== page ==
There have been a great number of famous Tuscan people throughout history, known for their contribution to Italian fashion and style. One of biggest players was Guccio Gucci. The 2 Gs in the Gucci brand logo. Gucci was born in 1881, in Florence, Italy and was the son of an Italian leather goods maker. Disinterested in carrying on with the family business he saw the world. Well at least Europe - namely Paris and London. While working in London as a lift attendant at the prestigious Savoy Hotel, he began to observe the style and elegance of many wealthy hotel guests. In particular, he took note of the beautiful luggage that he saw. Oddly enough, on his return to Florence he did indeed follow in his father’s footsteps, and went on to revolutionize the leather goods industry with a collection of high-quality items, including shoes.
As the “Made in Italy” trend took hold, Gucci leveraged their popular loafer to enter into key global markets like London, Miami, Paris and Beverly Hills where decadence is an understatement.
By the mid-1970s the Gucci brand was a household name and for the wealthy of the world a must have component to their wardrobe. But there was trouble brewing in the 2nd generation of the Gucci family that was running the show. Infighting amongst brothers Aldo and Rodolfo ended up splitting the company 50/50 with Aldo largely running the show, and profitably under his reign. However cracks began to form in the Gucci levy when the 3rd generation began noodling into the biz. Aldo’s son Paolo was jet set on moving the gucci brand into a new direction to keep pace with the changing of the times. Disco and the 1980s meant the Gucci brand needed new blood. So he thought. Aldo and Rodolfo weren't having any of it and fired him. Paolo butt hurt and vengeful got his revenge by tipping off authorities that this own father Aldo, the Gucci chairman, had been conspiring to evade millions in U.S. income taxes. Aldo Gucci, then 81 years old, was sentenced to serve a year and a day in federal prison.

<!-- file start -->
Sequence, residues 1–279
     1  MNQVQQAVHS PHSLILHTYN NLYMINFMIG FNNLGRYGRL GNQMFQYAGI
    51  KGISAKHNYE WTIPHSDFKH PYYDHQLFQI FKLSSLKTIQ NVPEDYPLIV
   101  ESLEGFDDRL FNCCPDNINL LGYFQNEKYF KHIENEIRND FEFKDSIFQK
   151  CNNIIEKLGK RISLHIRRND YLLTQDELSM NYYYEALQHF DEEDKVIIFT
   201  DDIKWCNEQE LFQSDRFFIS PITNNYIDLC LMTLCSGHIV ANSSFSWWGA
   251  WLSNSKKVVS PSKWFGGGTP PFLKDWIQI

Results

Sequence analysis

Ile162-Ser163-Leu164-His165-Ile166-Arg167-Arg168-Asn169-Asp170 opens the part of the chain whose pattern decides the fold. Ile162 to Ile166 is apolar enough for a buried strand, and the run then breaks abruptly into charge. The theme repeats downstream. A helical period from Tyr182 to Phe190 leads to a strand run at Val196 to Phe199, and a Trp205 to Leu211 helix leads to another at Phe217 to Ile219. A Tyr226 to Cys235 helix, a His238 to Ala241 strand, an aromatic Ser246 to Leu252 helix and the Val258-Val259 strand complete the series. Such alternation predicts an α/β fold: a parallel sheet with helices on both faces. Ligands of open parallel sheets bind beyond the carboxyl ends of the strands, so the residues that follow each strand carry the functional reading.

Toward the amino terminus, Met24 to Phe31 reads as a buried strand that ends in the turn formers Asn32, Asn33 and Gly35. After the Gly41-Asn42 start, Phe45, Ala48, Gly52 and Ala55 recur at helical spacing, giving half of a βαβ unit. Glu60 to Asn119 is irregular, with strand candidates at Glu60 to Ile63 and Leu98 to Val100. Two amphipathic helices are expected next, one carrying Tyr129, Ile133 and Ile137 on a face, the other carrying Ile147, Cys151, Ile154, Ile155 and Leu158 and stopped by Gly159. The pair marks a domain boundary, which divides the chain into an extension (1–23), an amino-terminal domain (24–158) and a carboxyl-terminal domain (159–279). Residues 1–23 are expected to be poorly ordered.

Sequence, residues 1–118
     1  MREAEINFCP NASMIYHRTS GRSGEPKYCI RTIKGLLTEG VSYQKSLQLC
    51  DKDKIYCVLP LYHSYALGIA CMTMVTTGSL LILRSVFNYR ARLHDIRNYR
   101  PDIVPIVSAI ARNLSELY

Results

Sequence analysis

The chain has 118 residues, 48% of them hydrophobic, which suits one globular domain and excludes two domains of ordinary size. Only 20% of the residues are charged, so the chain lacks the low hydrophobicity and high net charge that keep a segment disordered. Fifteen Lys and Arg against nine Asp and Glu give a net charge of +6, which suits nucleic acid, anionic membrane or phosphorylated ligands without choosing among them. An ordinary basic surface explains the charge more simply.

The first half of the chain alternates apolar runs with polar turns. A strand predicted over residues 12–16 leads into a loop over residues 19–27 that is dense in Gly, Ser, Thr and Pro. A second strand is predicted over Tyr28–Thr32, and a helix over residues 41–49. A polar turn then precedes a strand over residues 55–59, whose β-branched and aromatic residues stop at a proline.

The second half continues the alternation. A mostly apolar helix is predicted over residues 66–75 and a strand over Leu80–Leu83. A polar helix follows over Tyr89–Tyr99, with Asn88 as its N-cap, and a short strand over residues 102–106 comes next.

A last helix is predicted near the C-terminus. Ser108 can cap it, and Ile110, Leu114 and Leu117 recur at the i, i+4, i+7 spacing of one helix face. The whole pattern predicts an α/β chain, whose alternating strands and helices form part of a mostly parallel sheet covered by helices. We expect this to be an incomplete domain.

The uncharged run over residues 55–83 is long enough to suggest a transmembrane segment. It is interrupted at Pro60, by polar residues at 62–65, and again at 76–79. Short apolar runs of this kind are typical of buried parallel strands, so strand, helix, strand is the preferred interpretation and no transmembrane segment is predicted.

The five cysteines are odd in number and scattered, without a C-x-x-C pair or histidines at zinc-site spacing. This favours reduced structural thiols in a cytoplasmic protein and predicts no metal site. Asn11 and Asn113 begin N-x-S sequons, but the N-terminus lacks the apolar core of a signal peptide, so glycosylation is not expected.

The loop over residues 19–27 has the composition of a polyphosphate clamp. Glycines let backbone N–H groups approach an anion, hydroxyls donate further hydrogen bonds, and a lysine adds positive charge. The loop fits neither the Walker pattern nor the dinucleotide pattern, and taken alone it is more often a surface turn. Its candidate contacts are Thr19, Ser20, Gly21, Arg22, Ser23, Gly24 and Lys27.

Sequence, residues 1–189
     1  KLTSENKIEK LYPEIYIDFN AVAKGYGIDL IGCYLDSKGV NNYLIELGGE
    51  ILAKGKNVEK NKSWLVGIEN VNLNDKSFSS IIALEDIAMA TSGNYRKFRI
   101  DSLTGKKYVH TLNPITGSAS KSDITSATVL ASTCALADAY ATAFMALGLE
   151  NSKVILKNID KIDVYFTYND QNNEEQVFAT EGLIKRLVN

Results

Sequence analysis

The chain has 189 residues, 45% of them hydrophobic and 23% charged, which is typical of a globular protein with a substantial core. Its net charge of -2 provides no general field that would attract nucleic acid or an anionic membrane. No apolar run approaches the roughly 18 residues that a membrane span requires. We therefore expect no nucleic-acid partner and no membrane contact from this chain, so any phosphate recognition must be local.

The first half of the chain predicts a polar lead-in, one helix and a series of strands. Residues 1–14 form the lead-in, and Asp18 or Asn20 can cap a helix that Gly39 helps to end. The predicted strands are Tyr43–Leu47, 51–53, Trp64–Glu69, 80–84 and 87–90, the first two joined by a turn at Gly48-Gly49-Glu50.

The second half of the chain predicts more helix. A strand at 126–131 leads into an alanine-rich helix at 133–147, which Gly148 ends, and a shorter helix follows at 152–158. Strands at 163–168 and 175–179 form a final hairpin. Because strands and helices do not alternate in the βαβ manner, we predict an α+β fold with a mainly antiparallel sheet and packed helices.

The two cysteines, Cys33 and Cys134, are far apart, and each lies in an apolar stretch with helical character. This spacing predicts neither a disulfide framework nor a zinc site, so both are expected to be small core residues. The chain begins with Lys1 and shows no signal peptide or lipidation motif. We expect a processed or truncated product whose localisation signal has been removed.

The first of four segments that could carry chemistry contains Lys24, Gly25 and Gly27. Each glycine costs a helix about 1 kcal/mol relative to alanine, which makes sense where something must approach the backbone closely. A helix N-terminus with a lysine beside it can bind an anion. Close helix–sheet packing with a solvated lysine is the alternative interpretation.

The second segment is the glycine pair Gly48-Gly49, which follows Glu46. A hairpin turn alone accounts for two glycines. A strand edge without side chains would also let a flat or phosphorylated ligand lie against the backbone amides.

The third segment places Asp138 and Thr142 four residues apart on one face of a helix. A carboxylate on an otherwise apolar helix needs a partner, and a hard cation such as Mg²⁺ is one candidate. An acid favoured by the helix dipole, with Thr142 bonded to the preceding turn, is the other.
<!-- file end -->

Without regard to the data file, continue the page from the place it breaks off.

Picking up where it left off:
When Aldo’s brother Rodolfo died in 1983, his 50% stake went to his son Maurizio, who then teamed up with cousin Paolo to take control of the company. This arrangement, however, didn’t last long. Soon, in a knuckledusting battle for control the cousins turned on one another with Maurizio fleeing to Switzerland at one point over tax troubles. Once again, turncoat Paulo was responsible for tipping off the authorities.